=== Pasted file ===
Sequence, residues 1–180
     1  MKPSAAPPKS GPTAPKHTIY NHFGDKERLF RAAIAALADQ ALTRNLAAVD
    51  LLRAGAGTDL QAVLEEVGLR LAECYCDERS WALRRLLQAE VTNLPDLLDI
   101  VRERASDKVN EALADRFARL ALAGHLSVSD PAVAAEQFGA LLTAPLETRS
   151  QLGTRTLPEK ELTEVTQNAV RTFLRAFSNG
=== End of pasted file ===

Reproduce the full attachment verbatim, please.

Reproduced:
Sequence, residues 1–180
     1  MKPSAAPPKS GPTAPKHTIY NHFGDKERLF RAAIAALADQ ALTRNLAAVD
    51  LLRAGAGTDL QAVLEEVGLR LAECYCDERS WALRRLLQAE VTNLPDLLDI
   101  VRERASDKVN EALADRFARL ALAGHLSVSD PAVAAEQFGA LLTAPLETRS
   151  QLGTRTLPEK ELTEVTQNAV RTFLRAFSNG